Mental health is one of the most important repercussions of living a life where we trade money for comfort, especially in regards to our dietary choices. Studies have shown that a poor diet is not just met with physical consequences, but with a severe risk of mental distress, going so far sometimes as to cause lasting psychiatric issues. Research published in the Nutritional Neuroscience journal showed that increasing intake of fruits and decreasing intake of carbohydrates reduced signs of anxiety and depression in young adults. A lack of important nutrients can also lead to dementia and stroke, if the unhealthy diet continues for too long.
For meal kits, this is actually pretty good news. Each service offers a choice of what the customer is looking to gain from their experience on the app: are you looking to lose weight? Make generally healthier choices? Make time-saving meals for big families? All options are there for the picking. There are even entire menus dedicated to specific dietary restrictions, such as a keto and vegan section. In this way, meal preparation kits cannot be compared to the fast food of the past. One of the main focuses of the industry is to help Americans eat cleaner, without the hassle and stress of trying to figure out how to do it on their own.
Lack of activity is another leading cause of otherwise avoidable mental illness. A study done by the British Nutrition Foundation shows that lack of physical exertion may lead to depression, dementia, general anxiety. This is one thing that the meal kit does not have going for it. By devaluing the existence of grocery stores and individual shopping, we are choosing a world in which we no longer have to put effort into our daily activity. Business owners know that there is a large portion of the community that will pay any fee for the opportunity to stay home.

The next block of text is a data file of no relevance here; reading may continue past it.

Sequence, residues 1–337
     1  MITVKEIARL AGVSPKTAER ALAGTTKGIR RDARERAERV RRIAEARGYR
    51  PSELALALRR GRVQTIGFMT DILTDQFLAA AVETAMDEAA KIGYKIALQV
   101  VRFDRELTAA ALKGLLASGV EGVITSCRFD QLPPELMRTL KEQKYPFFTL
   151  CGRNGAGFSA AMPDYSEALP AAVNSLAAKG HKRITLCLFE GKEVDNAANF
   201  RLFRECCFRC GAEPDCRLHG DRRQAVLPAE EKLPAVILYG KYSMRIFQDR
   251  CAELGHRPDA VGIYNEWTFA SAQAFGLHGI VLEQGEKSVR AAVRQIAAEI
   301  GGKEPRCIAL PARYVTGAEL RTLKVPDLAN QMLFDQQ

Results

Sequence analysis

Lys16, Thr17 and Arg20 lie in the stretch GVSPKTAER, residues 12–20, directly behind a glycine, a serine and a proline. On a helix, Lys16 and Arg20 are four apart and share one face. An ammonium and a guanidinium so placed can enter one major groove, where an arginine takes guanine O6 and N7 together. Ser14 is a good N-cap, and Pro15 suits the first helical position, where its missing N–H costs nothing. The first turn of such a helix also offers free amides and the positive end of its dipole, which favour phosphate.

Another reason for the recent appreciation of delivered lunchboxes is likely the fact that a large part of the younger population never quite learned to cook themselves. Growing up in a world of instant ramen and Hot pockets has weakened the culinary skills of multiple generations. With apps like Blue Plate, there is no prior knowledge needed to create a home cooked meal. A recipe comes inside each package, along with a step-by-step guide on how to prepare and cook your meal. The apps are a useful teaching tool, especially for those with specific needs who are not quite sure which ingredients to use or how to correctly utilize them.
There are many factors to consider when deciding how to prepare your next home meal. Meal kits are certainly not without their pros, such as reducing waste, encouraging the use of fresh ingredients, and being an inexpensive way to save time while still learning a skill. But the long lasting consequences of forming a society that is even more dependent than before on simplicity may go on to negatively affect future generations. The importance lies in the way that we use the meal kits, whether they are being pandered to our supposed idleness or not. If we are able to use the apps as tools for learning, instead of tools to lean against, they may just end up being a pretty useful source.